We have more social problems than we can count here in the Las Vegas Valley. But there is one core problem that causes or contributes to all of them. That same problem keeps us powerless to do anything effective about the other problems.
This is our core problem: We are disconnected. So many people come to Las Vegas intending to be here only a couple of years that they don’t make connections. They don’t join anything. They don’t know anyone very well and no one knows them very well. 20 years later, they are still here, but they still plan to move on in a year or two. So they still don’t connect.
When people do connect, it’s in relatively small groups, like our congregations. But the congregations don’t cooperate with each other. They don’t cooperate across interfaith lines. They don’t cooperate across ecumenical lines. They don’t even cooperate with congregations of their own denomination. I won’t name any denomination other than my own. But even around Nevada, even around this state where fragmentation and alienation abound, they talk about Las Vegas. They say, “Those Episcopal Churches in Las Vegas don’t work together. They don’t even know each other.” Now I won’t name any other denominations that have this problem. But I do talk to your leaders and I can say this: We Episcopalians are not the only ones who are disconnected, living in our own little congregational silos.
What comes of this? People here are disconnected from each there. Because they are disconnected, they are disempowered. Acting alone, they cannot change their environment. They cannot influence the government, the schools, the businesses. They have no influence over the forces around them that shape the quality of their lives. Because they are disconnected, they are disempowered. Because they are disempowered, they are in despair. Because they are in despair, they drink, drug, gamble, commit domestic violence, get divorced, drop out of school, run away, etc. etc. etc. Disconnection may not cause all of our social problems but it contributes to them. It exacerbates them. And it paralyzes us to do anything about them.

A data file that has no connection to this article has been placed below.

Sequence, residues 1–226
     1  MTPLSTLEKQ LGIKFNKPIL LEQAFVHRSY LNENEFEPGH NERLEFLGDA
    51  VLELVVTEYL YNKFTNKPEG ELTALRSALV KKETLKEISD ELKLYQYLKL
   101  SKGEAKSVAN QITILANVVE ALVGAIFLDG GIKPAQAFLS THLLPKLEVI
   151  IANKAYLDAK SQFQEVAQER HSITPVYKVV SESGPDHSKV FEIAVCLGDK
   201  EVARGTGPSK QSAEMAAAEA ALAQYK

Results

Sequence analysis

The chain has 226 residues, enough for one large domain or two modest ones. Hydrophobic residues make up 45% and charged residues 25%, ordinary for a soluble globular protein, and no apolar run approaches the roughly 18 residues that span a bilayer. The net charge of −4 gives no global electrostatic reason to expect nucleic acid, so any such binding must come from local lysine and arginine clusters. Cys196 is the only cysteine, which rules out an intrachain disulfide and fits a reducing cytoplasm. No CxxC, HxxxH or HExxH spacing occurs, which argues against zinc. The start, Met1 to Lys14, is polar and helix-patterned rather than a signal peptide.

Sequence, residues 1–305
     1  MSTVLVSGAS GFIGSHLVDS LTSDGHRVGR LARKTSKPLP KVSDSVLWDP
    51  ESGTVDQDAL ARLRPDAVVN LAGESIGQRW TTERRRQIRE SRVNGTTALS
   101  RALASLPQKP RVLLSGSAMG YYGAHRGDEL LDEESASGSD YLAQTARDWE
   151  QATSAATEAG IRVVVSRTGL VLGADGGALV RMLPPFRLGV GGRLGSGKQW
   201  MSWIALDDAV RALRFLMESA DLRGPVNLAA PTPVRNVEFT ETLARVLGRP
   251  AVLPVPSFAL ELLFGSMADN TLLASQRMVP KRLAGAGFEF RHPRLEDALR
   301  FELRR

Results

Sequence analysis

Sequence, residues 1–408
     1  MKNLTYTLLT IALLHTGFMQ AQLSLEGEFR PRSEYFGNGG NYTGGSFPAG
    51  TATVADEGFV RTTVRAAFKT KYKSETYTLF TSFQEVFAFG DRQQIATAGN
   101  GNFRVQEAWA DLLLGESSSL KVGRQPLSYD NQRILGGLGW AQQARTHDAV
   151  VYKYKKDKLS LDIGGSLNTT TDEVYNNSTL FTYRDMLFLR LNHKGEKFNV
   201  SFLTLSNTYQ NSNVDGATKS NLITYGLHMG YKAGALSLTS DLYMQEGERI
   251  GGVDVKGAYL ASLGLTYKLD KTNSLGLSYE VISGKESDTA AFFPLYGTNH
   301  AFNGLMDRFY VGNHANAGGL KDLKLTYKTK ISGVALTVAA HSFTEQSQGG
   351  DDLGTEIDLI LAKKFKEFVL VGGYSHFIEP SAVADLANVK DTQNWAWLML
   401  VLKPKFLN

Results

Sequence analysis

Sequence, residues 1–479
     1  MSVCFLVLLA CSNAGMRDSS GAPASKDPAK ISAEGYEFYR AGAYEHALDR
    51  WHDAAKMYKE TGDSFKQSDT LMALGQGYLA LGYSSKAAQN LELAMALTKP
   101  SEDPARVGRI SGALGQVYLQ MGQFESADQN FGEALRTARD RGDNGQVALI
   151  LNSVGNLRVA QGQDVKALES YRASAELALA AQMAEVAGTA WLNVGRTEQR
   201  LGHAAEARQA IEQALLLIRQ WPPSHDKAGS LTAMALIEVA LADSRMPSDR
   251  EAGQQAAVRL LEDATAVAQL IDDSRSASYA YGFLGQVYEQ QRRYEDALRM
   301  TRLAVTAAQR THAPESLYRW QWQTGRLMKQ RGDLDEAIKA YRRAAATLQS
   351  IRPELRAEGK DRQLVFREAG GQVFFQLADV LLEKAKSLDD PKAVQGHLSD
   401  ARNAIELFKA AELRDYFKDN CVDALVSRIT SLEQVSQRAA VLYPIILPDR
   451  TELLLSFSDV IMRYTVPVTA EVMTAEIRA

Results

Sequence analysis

Nevadans for the Common Good is engaging some of the social problems. And that’s good. The issues are important and we are doing good, effective work. We are making a difference. But that’s not the main thing. The main thing is the relationships we are forming in the process of addressing particular problems.
Our core project is to build a network of relationships. We call them” public friendships,” which means we may or may not be personal friends, but we know each other and are able to work together for shared goals. We are building a network of relationships that will reconnect and re-empower people, lifting us out of our collective despair, our “what can I do about it?” sense of helplessness.
The human network of relationships we are building is like an energy grid to deliver power where it’s needed to make positive change for people living in this Valley. 20 years from now, when new social problems arise, problems we cannot now foresee, this network of relationships will be in place. It will be in place to share stories and identify the problems as the affect our members. And the network will be already up and running, ready to act constructively and creatively to improve the situation.
But there’s more to be gained even than the building of a network among our congregations. There is strengthening the network inside our congregations. There are skills and methods we use to build the network, to construct this power grid we call Nevadans For The Common Good. The people we train can take those skills and methods back into their congregations to build relationships there. Congregations who engage in this work grow stronger within themselves. And that in itself will make a better community.